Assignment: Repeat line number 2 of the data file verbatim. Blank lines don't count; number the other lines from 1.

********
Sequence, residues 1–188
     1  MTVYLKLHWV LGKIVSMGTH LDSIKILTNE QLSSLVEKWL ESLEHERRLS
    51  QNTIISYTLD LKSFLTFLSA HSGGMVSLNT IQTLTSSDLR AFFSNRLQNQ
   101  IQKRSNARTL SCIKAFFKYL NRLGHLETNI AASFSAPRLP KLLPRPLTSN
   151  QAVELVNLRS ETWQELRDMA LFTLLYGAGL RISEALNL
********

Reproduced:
     1  MTVYLKLHWV LGKIVSMGTH LDSIKILTNE QLSSLVEKWL ESLEHERRLS